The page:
Tobias, from Uganda, was a Gender Advocacy Adviser with the Foundasaun Esperansa Enclave Oecusse in Timor-Leste between 2011 and 2013.
What is your work background?
Before I joined Progressio, I worked in Papua New Guinea around the issues of gender advocacy and economic participation through supporting self-help groups of the most marginalised urban and rural women living with HIV. My role entailed building capacity, as well as mentoring self-help groups of women to lobby provincial and national policy formers to facilitate an equitable policy to allow their meaningful social economic participation. In Uganda I worked in the Ministry of Gender Labour and Social Services as a Gender Advocacy Adviser.
What inspired you to become a Development Worker with Progressio?
I started hearing about Progressio in May of 2009, from one of the Ugandan development worker who was working there. I immediately got interested in the Progressio model, which uses advocacy as a development vehicle. I am always inspired to make a difference in other people’s lives. Working with Progressio has given me the opportunity to share my skills with partners, as well as, empowering the most marginalised. Sometimes the change is small, but it creates the space for bigger things to come. In the process I have learnt much more through this work. This is greatly rewarding.
What is your first memory of arriving in your country of placement?
When I landed in Dili, the capital of Timor-Leste, I realised that the landscape shares a lot of similarities with Madang, where I carried out my former placement in Papua New Guinea. I felt at home and I went venturing in my favourite pastime; swimming. After one month of induction I joined my partner organisation in Oecusse. Oecusse is an enclave surrounded by Indonesia. The people are friendly and the place is a lovely and peaceful place. The town Pante Macassar has the essentials of daily life. I also make an occasional visit to Dili.
What do you enjoy most about your role?
I enjoy field visits to our clients (from the self-help groups) in their homes. I love to see the small initiatives grow into big adventures to improve rural lives. I love to see communities taking ownership and integrating new ideas in their way of life. I really like to see that programming is strengthened and capacity of staff is strengthened. On such visits, I can measure the progress and impact of the various projects that we implement. Then when I realise part of this development was due to my inspiration, I am filled with joy.
What has been the most exciting moment so far?
Empowering men and women through advocacy techniques and skills as well as create a critical awareness environment. Then with this consciousness the women’s groups are able identify political, social and economic issues that keep them in a marginalised state. Then they are able to demand their rights to be recognised and to feel capable of changing things through participation mechanisms.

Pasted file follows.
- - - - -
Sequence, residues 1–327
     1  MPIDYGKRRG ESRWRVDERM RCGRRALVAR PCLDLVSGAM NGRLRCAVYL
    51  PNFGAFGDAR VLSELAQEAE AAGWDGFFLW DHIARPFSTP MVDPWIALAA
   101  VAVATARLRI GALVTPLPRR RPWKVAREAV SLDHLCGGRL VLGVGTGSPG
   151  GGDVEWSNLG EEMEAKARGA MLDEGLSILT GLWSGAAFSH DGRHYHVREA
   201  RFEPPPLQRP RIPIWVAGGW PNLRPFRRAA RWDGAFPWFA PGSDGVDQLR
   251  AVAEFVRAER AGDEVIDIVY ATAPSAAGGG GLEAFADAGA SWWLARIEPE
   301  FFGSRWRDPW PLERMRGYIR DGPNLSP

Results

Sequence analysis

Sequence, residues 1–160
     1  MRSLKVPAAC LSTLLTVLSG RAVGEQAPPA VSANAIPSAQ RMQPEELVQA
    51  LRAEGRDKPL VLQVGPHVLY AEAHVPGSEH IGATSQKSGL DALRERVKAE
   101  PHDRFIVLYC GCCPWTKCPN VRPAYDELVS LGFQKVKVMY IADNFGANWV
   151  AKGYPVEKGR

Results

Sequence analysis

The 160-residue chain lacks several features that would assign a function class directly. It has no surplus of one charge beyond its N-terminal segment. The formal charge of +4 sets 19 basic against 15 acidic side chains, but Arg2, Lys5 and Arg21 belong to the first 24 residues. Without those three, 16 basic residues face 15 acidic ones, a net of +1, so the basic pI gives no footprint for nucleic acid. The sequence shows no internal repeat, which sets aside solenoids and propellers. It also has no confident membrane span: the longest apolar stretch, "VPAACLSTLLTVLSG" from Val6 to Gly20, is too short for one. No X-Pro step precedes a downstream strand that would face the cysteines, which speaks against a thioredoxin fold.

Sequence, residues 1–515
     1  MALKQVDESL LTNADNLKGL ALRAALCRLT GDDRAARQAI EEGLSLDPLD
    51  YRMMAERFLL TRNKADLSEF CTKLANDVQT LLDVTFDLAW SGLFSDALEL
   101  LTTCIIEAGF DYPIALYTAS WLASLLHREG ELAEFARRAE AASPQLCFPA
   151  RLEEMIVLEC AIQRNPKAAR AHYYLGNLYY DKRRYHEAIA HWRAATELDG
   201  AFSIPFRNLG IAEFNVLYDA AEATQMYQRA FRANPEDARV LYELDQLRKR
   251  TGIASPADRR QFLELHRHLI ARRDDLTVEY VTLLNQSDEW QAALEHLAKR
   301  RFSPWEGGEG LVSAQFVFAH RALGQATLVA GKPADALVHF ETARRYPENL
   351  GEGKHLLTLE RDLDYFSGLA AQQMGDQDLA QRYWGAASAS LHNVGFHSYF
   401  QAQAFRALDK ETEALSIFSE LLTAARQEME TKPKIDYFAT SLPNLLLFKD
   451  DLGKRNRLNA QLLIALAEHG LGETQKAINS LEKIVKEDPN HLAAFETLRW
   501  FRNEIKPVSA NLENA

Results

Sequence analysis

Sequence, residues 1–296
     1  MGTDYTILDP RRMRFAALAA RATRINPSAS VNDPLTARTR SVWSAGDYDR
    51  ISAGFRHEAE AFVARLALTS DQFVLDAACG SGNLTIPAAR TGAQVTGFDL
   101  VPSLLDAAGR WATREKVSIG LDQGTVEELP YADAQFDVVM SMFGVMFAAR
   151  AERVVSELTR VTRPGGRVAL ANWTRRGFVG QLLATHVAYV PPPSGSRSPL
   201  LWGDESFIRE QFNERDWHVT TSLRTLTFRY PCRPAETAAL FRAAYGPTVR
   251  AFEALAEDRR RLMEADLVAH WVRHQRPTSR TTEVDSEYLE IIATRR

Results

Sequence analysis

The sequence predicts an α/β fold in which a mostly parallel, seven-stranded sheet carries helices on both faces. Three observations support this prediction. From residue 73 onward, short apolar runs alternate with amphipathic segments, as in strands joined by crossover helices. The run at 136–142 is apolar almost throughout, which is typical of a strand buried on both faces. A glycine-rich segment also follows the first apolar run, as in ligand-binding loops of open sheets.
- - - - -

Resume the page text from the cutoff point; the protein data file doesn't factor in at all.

And the biggest lesson?
That from small things, big things grow. I have seen new members of self-help groups take baby steps in gaining skills in literacy, numeracy, leadership skills, and literally changing their lives and communities. They are empowered to gain the confidence to take action as well as critical awareness of their rights. These members lighten up and they take on the attitude that “Yes we can”.
What is the biggest change you have witnessed since starting your placement?
I have witnessed adult people being empowered with life changing skill like literacy, numeracy and public speaking skills. On the other hand, rural marginalised women, now have the confidence to speak up to demand accountability and transparency in government mechanisms. There is also better programming with my partner, which has greatly improved the service delivery to our clients.
What is the biggest development challenge facing the country where you are working and area in which you are working?
The main challenge in Oecusse is infrastructure. During the rainy season, the floods cut off sections of the sub district. Travel to visit partners is very hard and precarious. So work has to recline.
If you could change one thing, what would that be?
I would continue to strengthen the networks and support the marginalised to engage the district and national level policy formers to continue to prioritise gender as a development vehicle. I would continue to work with partners on awareness-raising and information giving, and upgrading the knowledge and skills through building the staff capacity. I would also continue to highlight the hardships of the rural women in Oecusse.
What strikes you most about Progressio’s development worker model?
The model brings into play the relevant skills to support partners to catalyse the development process by empowering the marginalised communities to demand their role to participate in governance of their affairs.
What advice would you give to someone who is thinking of becoming a development worker?
Progressio will give you the opportunity to change the lives of the most marginalised while learning all the way.
Where do you see yourself once your placement has ended?
I am still interested to continue to contribute to the development of Timor-Leste. There are many areas, where I can support in the development of human capacity. There is still a lot of good work to support in Timor-Leste and especially here in Oecusse.